Nunn's effort to pay legal bills thwarted

ROSS'S FAMILY STAKES A CLAIM

bestep@herald-leader.com and kward1@herald-leader.comNovember 18, 2009 

Former state Rep. Steve Nunn's Glasgow home was sold at auction last weekend to help pay his legal bills, but the money from the sale might be tied up for a while.

Nunn faces a murder charge in the shooting of former fiancée Amanda Ross.

An agreed order for injunctive relief, filed Monday in Fayette Circuit Court, is part of a wrongful death lawsuit filed in late September by Ross's mother, Diana Ross.

Under the agreement, proceeds from the sale of Nunn's house and personal property are to be held in escrow "until further orders from the court."

Nunn transferred the deed to his home at 136 Fairway Place in Glasgow to his defense firm, The Scoville Law Firm PLLC, on Oct. 16 as payment for "non-refundable attorney fees" to represent him in the death of Ross, the deed states.

The home, valued at $200,000, sold at auction Saturday for $170,000.

According to the agreed order, Diana Ross raised objections to that sale, including that Nunn "fraudulently conveyed real property to The Scoville Firm and/or fraudulently conveyed personal property to Mary Nunn, Robert Nunn and/or Courtney Nunn."

The document says the Nunns and the law firm dispute the claims of fraudulent conveyance. Nonetheless, the agreement states that proceeds from the sale of the real estate and Nunn's personal property are to be held in escrow.

Court documents hint at possible money troubles for Nunn. His father, the late Gov. Louie Nunn, left him more than $651,000 in cash, according to Louie Nunn's probated will in Woodford County. But this summer, Nunn took out a $20,000 line of credit on his property in Glasgow, according to documents filed at the Barren County courthouse.

Nunn was in court Tuesday in Hart County to plead not guilty to six counts of wanton endangerment.

Nunn has been held in jail in Lexington, but police took him to Hart County to answer the charges there. His attorney, Warren Scoville of London, waived a formal reading of the indictment against Nunn and entered the not-guilty plea for him.

Nunn, 57, is accused of firing a .38-caliber pistol near six police officers who approached him just hours after Amanda Ross was shot to death outside her Lexington home about 6:30 a.m. Sept. 11.

Police were looking for Nunn because Ross had gotten an emergency protection order against Nunn several months earlier after alleging he had hit her. Police found Nunn at the rural Hart County cemetery where his parents are buried.

His wrists were cut, and there was blood on the back of a headstone that Nunn apparently had been sitting against.

Nunn fired one shot "in the vicinity" of police, then "went to the ground along with the gun," according to the indictment and a citation.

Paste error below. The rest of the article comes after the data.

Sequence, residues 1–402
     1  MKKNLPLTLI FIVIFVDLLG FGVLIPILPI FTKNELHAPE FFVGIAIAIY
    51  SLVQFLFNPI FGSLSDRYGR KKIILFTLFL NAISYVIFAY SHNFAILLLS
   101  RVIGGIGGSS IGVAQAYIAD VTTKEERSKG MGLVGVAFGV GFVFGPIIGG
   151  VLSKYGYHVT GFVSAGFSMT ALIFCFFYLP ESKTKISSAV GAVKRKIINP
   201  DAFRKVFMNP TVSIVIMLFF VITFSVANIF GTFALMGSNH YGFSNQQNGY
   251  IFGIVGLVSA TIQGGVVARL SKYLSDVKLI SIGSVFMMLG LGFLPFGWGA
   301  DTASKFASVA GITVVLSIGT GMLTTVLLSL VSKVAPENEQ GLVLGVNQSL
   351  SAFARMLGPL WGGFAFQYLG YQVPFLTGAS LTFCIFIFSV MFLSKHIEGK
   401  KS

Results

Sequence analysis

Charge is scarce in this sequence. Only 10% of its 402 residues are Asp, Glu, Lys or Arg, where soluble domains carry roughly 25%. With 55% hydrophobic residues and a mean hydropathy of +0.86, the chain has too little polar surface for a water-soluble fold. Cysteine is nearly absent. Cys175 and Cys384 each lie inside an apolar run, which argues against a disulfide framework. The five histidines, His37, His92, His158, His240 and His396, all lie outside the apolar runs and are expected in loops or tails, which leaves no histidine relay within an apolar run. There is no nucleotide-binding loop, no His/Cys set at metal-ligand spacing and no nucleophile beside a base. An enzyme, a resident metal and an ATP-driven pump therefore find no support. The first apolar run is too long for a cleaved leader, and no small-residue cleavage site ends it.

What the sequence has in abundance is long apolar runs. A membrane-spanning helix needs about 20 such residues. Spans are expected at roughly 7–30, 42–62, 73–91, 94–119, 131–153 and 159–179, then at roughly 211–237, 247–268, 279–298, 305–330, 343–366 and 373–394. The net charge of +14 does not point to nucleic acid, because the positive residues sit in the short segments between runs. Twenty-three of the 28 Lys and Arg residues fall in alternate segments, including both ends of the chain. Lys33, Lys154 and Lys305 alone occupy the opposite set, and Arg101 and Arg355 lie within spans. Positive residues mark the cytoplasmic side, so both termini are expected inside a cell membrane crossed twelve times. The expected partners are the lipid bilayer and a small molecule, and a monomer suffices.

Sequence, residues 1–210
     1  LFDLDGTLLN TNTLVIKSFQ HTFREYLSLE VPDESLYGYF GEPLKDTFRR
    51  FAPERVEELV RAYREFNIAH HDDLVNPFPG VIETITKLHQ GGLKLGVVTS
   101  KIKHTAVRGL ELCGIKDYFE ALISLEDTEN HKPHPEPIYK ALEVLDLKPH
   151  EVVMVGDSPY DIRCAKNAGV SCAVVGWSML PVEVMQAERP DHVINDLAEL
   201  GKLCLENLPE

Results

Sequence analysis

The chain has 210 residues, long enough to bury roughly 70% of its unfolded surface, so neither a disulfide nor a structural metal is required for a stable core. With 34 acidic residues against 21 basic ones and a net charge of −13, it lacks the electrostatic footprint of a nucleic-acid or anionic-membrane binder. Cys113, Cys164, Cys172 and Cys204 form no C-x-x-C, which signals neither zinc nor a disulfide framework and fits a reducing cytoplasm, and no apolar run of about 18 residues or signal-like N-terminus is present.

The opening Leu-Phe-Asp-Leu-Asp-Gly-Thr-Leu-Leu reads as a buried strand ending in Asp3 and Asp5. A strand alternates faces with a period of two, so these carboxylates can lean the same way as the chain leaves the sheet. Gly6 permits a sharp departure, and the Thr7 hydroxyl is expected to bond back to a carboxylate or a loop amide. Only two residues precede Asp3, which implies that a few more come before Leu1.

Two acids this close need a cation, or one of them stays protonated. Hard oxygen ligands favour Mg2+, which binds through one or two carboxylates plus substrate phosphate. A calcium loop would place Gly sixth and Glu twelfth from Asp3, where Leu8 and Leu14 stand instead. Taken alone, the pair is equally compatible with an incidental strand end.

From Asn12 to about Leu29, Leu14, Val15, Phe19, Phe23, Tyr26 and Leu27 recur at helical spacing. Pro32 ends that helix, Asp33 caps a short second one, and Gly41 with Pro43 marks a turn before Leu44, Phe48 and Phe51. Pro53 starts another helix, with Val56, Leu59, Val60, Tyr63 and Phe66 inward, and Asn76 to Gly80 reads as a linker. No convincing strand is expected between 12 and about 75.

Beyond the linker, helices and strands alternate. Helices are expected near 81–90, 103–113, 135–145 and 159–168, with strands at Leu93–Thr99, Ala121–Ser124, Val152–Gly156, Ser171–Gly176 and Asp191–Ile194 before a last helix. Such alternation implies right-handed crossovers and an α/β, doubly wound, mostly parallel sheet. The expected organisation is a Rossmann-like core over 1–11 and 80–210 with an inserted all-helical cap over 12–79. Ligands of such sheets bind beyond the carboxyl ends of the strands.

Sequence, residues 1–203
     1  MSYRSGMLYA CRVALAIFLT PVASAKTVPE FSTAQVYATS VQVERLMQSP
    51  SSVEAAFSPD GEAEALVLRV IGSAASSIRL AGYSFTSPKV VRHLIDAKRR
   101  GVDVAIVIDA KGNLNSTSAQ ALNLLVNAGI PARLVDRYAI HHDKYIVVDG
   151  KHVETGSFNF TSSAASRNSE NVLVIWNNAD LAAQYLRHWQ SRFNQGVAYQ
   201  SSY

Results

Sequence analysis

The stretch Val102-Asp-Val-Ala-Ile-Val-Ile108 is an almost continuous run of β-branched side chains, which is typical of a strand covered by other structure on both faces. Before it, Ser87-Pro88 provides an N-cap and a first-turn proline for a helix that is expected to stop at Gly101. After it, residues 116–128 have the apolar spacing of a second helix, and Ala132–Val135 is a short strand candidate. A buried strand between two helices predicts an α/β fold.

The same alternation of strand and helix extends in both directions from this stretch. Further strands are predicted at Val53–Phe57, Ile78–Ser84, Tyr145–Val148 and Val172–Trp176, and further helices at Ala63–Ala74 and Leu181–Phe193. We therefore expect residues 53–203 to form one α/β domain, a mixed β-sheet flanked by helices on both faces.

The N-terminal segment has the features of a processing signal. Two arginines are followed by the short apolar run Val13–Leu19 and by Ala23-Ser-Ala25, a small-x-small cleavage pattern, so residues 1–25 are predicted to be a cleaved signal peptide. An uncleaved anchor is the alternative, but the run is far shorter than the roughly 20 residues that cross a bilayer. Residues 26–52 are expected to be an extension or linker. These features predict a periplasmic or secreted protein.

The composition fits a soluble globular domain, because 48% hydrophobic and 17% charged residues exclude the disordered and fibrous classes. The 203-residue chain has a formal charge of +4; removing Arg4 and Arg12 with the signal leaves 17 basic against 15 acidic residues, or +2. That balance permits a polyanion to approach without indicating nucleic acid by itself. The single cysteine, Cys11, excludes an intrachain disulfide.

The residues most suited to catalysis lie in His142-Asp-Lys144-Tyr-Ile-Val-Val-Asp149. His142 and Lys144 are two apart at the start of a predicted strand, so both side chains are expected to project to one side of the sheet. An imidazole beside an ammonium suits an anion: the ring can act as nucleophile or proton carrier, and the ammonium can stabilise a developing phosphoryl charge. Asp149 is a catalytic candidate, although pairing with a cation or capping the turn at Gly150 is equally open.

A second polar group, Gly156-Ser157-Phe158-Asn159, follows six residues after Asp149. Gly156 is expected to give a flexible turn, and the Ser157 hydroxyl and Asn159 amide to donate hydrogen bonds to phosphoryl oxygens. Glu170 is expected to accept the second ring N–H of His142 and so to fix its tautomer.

Police took Nunn into custody without further incident.

Police have said Nunn did not point the gun directly at them. The indictment in Hart County, filed earlier this month, alleges that he endangered police officers by firing the shot, however.

The officers were state troopers Lonnie Hodges, Jonathan McChesney and Jonathan Biven; Barren County Sheriff Chris Eaton; and Barren County deputies Rusty Anderson and Steve Runyon, according to the indictment.

On Tuesday, Nunn, who has grown a beard, was wearing a green jumpsuit and beige sandals and was chained at the ankles during his arraignment. He did not speak during the court appearance, which lasted a minute or two.

Circuit Judge Charles C. Simms III scheduled Nunn's trial for June 14. Scoville declined to comment after Tuesday's hearing.

Hart County Commonwealth's Attorney Terry Geoghegan declined to comment about the facts of the case but said he was working with Fayette Commonwealth's Attorney Ray Larson to determine which of Nunn's cases should be tried first.

Geoghegan said the murder case in Lexington obviously is the more serious. Developments in that case will affect whether Nunn's trial in Hart County goes forward as scheduled June 14, he said.

Reached by telephone Tuesday evening, Larson declined to discuss which case might proceed first.

"I have talked to Terry (Geoghegan), and we will continue to communicate about both cases," Larson said.

Nunn was returned to the Fayette County jail Tuesday. He is scheduled to be arraigned Thursday on the Fayette County charges.

Lexington Herald-Leader is pleased to provide this opportunity to share information, experiences and observations about what's in the news. Some of the comments may be reprinted elsewhere in the site or in the newspaper. We encourage lively, open debate on the issues of the day, and ask that you refrain from profanity, hate speech, personal comments and remarks that are off point. Thank you for taking the time to offer your thoughts.

Commenting FAQs | Terms of Service